Tuesday, May 19, 2015

*Book Review*

   Photo courtesy of Pixabay.com
I need to preface this post with this statement, I LOVE CRIME NOVELS! Detective novels, movies, and tv shows are my jam! The suspense of what is going to happen next, or trying to figure out who did it, is far scarier than anything with a lot of violence.

I subscribe to Shelf Awareness were I get a daily e-mail in my inbox. The newsletter highlights fun things happening in the world of books. I've found some really fun new authors! Occasionally they post links with the option of getting a free copy of a book, yet to be published. This is the best, coming home and having a free book waiting in the mail for me.

A while ago, I got a book in the mail called “Crime of Privilege” by Walter Walker. I have a bit of a back log in my reading requests (for work and fun). Once I started this book, I wonder how I overlooked it in the first place, it should have been read the moment I got it.

What I love about reading this book, is trying to figure out who did what. There is a list of characters, all whom have some part to play. The main character is George Becket. He is an assistant D.A. in Cape Cod. This character really made me mad, I felt times he was being a baby, or just letting things happening. He wasn’t living life, but just going through the motions of living. He was a lawyer, has friends in high places, and he just acts like a bum.

An excerpt from the book:

“A murder on Cape Cod. A rape in Palm Beach.

All they have in common is the presence of one of America’s most beloved and influential families. But nobody is asking questions. Not the police. Not the prosecutors. And certainly not George Becket, a young lawyer toiling away in the basement of the Cape & Islands district attorney’s office. George has always lived at the edge of power. He wasn’t born to privilege, but he understands how it works and has benefitted from it in ways he doesn’t like to admit. Now, an investigation brings him deep inside the world of the truly wealthy—and shows him what a perilous place it is.”

This book is a realist portrayal of the justice system when it comes to the wealthy. George finally comes to and starts asking the right questions. It takes him on a journey across the world, but it’s hard to decipher who is pulling the strings in this investigation. I felt the ending was less climatic than the rest of the book, justice wasn't really served, but again that is a very realistic outcome. The main character and the book felt like a real investigation, and not one that is solved in a 60 minute television show.

Check out the book HERE!

Wednesday, May 6, 2015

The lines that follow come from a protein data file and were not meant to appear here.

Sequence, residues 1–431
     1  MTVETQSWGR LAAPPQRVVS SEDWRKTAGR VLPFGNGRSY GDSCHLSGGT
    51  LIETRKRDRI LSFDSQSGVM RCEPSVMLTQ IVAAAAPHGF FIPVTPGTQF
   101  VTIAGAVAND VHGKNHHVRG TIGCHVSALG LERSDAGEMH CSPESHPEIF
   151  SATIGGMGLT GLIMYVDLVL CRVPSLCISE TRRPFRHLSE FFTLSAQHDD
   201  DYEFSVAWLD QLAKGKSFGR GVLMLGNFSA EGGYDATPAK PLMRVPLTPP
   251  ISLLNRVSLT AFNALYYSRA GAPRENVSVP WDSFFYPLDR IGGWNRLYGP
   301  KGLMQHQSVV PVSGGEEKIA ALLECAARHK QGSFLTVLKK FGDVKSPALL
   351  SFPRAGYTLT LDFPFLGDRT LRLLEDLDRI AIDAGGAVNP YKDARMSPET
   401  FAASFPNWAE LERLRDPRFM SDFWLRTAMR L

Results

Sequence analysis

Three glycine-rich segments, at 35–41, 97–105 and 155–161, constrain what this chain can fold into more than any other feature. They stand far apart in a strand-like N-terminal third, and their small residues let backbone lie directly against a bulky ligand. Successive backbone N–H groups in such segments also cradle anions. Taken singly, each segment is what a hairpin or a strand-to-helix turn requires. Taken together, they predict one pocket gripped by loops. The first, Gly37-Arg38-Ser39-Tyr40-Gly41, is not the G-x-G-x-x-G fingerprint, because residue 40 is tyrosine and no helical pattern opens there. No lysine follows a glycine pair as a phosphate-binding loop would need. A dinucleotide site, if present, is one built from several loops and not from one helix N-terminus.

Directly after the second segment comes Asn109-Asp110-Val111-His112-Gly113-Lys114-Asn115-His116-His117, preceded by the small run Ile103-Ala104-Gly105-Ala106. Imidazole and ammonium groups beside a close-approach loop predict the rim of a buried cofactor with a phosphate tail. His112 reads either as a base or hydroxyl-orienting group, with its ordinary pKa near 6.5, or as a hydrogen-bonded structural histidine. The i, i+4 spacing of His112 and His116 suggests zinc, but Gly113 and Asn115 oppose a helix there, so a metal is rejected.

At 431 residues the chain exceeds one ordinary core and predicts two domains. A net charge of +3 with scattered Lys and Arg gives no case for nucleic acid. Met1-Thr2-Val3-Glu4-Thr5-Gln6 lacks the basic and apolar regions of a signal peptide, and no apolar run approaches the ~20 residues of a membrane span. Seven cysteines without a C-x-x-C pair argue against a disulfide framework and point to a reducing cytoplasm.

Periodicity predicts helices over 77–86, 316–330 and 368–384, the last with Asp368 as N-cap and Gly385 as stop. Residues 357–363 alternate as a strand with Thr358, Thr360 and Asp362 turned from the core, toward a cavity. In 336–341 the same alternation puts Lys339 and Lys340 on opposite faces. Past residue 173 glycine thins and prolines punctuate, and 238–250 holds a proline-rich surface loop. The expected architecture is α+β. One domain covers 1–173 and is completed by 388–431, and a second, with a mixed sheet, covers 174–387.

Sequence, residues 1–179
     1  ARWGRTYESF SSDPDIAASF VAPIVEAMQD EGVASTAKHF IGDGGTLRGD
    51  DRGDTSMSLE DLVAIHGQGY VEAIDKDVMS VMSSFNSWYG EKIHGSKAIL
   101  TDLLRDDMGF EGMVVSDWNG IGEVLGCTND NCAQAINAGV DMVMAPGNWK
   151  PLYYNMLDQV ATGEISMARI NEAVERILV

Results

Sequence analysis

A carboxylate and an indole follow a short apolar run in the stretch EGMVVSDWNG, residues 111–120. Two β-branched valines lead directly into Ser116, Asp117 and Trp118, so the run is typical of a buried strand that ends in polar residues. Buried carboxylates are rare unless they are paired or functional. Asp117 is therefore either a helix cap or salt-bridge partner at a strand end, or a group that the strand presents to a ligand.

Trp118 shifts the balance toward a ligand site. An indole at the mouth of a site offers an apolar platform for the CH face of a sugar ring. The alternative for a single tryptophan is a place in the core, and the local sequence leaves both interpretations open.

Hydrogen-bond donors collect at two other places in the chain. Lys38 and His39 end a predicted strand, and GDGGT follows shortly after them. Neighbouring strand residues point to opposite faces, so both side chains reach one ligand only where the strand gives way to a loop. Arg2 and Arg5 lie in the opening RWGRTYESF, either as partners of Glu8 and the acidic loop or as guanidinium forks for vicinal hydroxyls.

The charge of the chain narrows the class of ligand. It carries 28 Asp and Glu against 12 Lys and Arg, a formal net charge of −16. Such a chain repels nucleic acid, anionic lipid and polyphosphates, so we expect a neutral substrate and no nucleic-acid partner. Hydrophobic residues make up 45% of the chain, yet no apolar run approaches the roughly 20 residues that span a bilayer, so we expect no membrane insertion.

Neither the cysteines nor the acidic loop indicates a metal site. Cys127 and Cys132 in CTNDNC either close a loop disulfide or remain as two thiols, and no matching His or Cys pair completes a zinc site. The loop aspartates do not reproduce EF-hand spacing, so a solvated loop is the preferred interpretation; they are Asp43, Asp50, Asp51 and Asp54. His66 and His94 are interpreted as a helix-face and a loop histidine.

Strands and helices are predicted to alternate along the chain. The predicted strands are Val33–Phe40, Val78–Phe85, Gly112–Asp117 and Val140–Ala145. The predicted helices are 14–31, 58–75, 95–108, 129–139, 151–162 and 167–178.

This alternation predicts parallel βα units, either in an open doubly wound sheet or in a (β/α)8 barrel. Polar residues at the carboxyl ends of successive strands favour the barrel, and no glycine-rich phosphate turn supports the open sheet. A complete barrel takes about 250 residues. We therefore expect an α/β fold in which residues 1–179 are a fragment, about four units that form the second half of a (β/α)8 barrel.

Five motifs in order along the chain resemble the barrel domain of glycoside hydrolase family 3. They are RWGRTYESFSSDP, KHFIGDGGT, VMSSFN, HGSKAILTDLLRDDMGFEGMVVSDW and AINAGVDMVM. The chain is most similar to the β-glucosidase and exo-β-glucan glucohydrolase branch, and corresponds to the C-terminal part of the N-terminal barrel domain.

A Reflection of Service

After recently celebrating my 6th anniversary of meeting a great guy, we reflected on my Peace Corps experience. Discussing how we met, the people I worked with, but mostly laughing at the craziness that was my service. Surprisingly, I still find myself running into people who are interested in learning more about Peace Corps, or my experience overseas. After most encounters I think back to those 3+ years. 

Waking up every day to a new experience might frighten some, but to volunteers serving in the Peace Corps it’s just a regular day. I lived in Burkina Faso, a country in Western Africa, serving from 2008-2012. As a health volunteer I taught health education and outreach. I spent most of my time weighing babies, teaching mother’s proper food preparation, and children how to wash their hands. 

Teaching overseas in a another language was really hard, and sometimes felt very daunting. During training, Peace Corps helps to teach the common language spoken, which in my case was French, but like most African communities the local tribal language is also very prevalent. Even though I used, Moore, the local African language more than French, my skill level was far from being perfect. Each program I put on was a struggle, always needing a translator. Which to most, would be great, but I seemed to never be able to get the translator to show up at the same time as my women, or vice versa. Rainy season was a whole different story; I just knew people wouldn't show up to programs because everyone and I do mean EVERYONE was in the field farming.
While on vacation in the United States for a short time in 2010, I would get all sorts of questions. The most common was, "What did you like or didn't like about being overseas?" The one thing I did not like, was having to barter for my food. It’s petty, but going from booth to booth to get all my vegetables, fighting for a fair price is not how I like to spend my time. That was something that would never change, but I learned to deal with it. 

I loved the sense of community. My village was small, were everyone knew each other. Not in the way were you know everyone’s business, but when there was a crisis everyone banned together. I loved everyone knowing my name, or when I was gone people took turns feeding and caring for my dog. These villagers lack in resources and materials, but they are rich. They have a strong community, stronger than most communities I've been a part of in the US. One person may have nothing but together they have it all.

When most people ask me to describe my 3+ years worth of experience in a sentence or two, I usually say, “It was great!” which is was, but it is better described as a roller-coaster. Once you start you’re normally scared for the future, you don’t really know what you got yourself into. Then you get used to the roller-coaster and start to like it. During the ride you have a lot of ups and downs, but in the end you love it so much it leaves you wanting more, and you beg to ride it one more time. 

That’s exactly how my Peace Corps experience was, it left me wanting more. 

View some of my pictures of my service here.